'Emotional' Trump visits shot politician's bedside

'Emotional' Trump visits shot politician's bedside

US president Donald Trump has visited critically-ill party whip Steve Scalise, who was shot by a rifle-wielding attacker as he practised for a charity baseball game.

Mr Trump spoke to the House of Representatives majority whip's family during a visit to MedStar Washington Hospital Centre on Wednesday evening.

The president and his wife Melania spent about half an hour at the hospital, where White House press secretary Sean Spicer described the scene in the intensive care unit as "emotional".

Mr Spicer said the president was also briefed by Mr Scalise's medical team, met Capitol Police officer Crystal Griner, who was shot in the ankle during the attack in Alexandria, Virginia, and thanked police who gathered at the hospital.

The president was accompanied by White House doctor Ronny Jackson.

The gunman, identified as James Hodgkinson, 66, opened fire on Republicans as they practised for the baseball game on Wednesday, critically wounding Louisiana member Mr Scalise, 51, and hitting aides and police as congressmen and others dived for cover.

The assailant, who had nursed grievances against Mr Trump and the Republican Party, fought a gun battle with police before he was shot and later died.

Colleagues said Mr Scalise had been fielding at second base at a local park in Alexandria, just across the Potomac River from the nation's capital, as the Republicans practised for their annual game with Democrats.

He dragged himself away from the infield, leaving a trail of blood before colleagues could rush to his assistance.

He was in a critical condition Wednesday night and doctors said he would need several more operations.

Hodgkinson, a home inspector from Illinois, had several minor run-ins with the law in recent years and belonged to a Facebook group called Terminate the Republican Party.

He had been living out of his van in the Alexandria area in recent months, the FBI said.

Capitol Police officers who were in Mr Scalise's security detail wounded the gunmen, who later died of his injuries, Mr Trump told the nation from the White House.

"Everyone on that field is a public servant," the president said.

"Their sacrifice makes democracy possible."

Politicians noted their good fortune in having armed protectors on hand.

"Thank God," they exclaimed over and over, and said otherwise the shooter would have been able to take a huge deadly toll.

The events left the capital horrified and stunned and prompted immediate reflection on the current hostility and vitriol in American politics.

Politicians called for a new dialogue on lowering the partisan temperature and Mr Trump urged Americans to come together as he assumed the role of national unifier for one of the first times in his presidency.

House of Representatives proceedings were cancelled for the day and instead speaker Paul Ryan of Wisconsin and Democratic leader Nancy Pelosi of California issued their own calls for unity.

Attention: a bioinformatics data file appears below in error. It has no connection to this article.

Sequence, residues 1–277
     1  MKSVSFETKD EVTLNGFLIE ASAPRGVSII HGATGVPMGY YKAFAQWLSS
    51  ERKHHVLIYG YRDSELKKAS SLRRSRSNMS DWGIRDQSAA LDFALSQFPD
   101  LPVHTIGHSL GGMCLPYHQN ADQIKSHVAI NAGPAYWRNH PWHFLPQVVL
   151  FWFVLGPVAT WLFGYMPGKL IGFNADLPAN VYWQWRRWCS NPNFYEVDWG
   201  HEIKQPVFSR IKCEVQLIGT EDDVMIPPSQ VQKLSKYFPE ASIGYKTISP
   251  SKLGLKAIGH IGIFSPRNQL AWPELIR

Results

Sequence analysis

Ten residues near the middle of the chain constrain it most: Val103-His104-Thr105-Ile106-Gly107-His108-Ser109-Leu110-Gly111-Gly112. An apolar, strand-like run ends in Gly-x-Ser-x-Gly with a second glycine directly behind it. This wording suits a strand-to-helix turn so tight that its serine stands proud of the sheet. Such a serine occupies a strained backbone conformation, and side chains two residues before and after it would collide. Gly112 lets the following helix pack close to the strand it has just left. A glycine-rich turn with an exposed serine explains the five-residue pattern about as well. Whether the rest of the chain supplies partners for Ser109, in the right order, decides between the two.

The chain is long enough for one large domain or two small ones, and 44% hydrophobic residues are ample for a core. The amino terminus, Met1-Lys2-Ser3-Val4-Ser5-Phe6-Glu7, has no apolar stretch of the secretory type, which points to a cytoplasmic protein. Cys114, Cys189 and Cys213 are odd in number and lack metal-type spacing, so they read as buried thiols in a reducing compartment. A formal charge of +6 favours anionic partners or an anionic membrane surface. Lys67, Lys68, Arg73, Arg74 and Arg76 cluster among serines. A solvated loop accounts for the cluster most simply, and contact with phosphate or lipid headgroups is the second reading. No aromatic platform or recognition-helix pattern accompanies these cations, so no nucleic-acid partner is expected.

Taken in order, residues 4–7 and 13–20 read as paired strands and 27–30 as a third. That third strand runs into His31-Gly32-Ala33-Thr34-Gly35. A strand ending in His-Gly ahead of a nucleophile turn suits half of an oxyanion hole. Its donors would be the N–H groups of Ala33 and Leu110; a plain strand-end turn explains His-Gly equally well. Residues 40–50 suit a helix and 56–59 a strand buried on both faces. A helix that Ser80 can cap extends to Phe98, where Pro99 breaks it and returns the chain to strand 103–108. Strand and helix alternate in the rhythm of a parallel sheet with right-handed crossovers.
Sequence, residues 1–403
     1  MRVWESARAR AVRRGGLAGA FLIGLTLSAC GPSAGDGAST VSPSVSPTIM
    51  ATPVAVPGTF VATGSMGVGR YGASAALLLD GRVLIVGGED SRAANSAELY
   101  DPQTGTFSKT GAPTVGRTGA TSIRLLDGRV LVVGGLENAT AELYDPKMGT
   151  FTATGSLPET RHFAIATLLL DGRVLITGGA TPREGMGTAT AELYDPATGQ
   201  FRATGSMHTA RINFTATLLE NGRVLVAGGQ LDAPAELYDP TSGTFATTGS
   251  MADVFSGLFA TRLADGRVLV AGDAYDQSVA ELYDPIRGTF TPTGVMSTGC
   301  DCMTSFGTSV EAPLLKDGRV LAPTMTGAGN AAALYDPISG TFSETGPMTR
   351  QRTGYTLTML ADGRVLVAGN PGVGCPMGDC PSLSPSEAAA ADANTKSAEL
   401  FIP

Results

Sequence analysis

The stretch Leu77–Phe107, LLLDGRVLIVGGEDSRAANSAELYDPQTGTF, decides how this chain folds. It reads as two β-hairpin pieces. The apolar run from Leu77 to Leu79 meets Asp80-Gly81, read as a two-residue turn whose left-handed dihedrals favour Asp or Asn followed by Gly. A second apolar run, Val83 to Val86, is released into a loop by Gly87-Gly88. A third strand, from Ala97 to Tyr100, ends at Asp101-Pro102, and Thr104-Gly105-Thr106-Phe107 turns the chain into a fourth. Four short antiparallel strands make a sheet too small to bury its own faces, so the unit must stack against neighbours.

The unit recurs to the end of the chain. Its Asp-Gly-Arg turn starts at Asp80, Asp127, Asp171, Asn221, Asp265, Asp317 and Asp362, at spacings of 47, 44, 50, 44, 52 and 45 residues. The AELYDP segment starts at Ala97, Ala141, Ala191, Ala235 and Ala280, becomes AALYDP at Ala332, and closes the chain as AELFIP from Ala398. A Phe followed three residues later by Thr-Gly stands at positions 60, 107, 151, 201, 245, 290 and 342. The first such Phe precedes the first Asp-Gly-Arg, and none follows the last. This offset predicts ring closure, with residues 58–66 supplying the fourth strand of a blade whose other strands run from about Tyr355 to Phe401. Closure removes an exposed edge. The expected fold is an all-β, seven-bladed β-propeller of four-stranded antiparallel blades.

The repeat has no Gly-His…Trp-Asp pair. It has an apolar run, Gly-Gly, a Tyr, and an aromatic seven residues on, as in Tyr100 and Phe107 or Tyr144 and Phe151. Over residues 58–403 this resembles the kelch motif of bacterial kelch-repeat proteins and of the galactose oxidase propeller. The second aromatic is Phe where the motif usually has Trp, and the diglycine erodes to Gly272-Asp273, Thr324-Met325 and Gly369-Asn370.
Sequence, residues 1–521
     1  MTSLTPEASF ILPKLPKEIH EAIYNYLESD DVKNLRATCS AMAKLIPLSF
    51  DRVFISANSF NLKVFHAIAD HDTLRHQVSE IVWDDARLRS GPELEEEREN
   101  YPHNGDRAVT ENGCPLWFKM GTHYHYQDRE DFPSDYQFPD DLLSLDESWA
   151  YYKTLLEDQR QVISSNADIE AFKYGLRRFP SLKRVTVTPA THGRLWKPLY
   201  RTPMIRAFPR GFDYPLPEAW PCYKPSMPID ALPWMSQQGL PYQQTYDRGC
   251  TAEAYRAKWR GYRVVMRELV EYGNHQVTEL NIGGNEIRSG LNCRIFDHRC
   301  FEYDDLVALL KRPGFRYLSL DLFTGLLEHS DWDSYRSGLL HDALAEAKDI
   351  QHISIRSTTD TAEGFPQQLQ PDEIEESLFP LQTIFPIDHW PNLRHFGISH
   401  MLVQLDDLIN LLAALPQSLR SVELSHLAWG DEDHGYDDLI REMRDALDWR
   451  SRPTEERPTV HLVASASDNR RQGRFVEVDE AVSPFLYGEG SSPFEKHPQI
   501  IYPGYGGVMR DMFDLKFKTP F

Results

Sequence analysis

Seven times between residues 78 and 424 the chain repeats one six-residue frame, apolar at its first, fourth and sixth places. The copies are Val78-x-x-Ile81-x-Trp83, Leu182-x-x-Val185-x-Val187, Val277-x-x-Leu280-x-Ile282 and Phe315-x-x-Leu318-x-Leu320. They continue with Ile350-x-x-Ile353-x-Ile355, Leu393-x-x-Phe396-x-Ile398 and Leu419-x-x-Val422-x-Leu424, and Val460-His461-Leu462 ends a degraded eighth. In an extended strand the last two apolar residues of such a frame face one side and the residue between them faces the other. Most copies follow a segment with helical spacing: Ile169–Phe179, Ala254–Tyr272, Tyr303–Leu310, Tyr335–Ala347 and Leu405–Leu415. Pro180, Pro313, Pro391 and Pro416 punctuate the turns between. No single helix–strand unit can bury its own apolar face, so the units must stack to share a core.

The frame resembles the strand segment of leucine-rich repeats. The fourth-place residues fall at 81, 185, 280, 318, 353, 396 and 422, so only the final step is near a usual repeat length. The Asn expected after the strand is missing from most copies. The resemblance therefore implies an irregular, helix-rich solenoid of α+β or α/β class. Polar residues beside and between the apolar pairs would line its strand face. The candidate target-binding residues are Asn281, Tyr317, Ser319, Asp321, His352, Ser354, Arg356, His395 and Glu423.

"An attack on one of us is an attack on all of us," Mr Ryan said, to prolonged applause.

Shortly after the shooting, Bernie Sanders, the former candidate for the Democratic presidential nomination, said on the Senate floor that the gunman was apparently a volunteer for his campaign last year.

Mr Sanders said he condemned the violence "in the strongest possible terms".

Mr Scalise the number three House Republican leader, was first elected in 2008.

The popular and gregarious member is known for his love of baseball and handed out commemorative bats when he secured the job of House whip several years ago.

Texas congressman Roger Williams said one of his aides, Zack Barth, was shot but was doing well and expected to recover fully.

Two police officers sustained relatively minor injuries and a former congressional aide was taken to hospital.

The shooting happened at a popular park and baseball complex where Republican members and others were gathered for the morning practice at about 7am.

They were in good spirits despite the heat and humidity as they prepared for the annual congressional baseball match that pits Republicans against Democrats.

The popular annual face-off, which raises money for charity, is scheduled for Thursday evening at Nationals Park across the Potomac River in Washington, and will take place as planned.

Hodgkinson had been in the area since March, living out of his van, said Washington FBI special agent in charge Tim Slater.

Former Alexandria mayor Bill Euille, a Democrat, said he had often spoken to him on recent mornings at the nearby YMCA.

Hodgkinson's apparent Facebook page included strong criticism of Republicans and the Trump administration.

But Mr Slater said authorities were still working to determine a motive and had no indication Hodgkinson knew about the baseball practice ahead of time.

The event has raised questions about the security of members of Congress.

While the top members, including Mr Scalise, have security, others do not and regularly appear in public without protection.

The last time a politician was shot was when Democrat Gabby Giffords of Arizona was hit in the head and gravely injured while meeting constituents at a supermarket car park in 2011.

After the Giffords shooting, politicians have held fewer open town halls and have been advised to increase security at such events.


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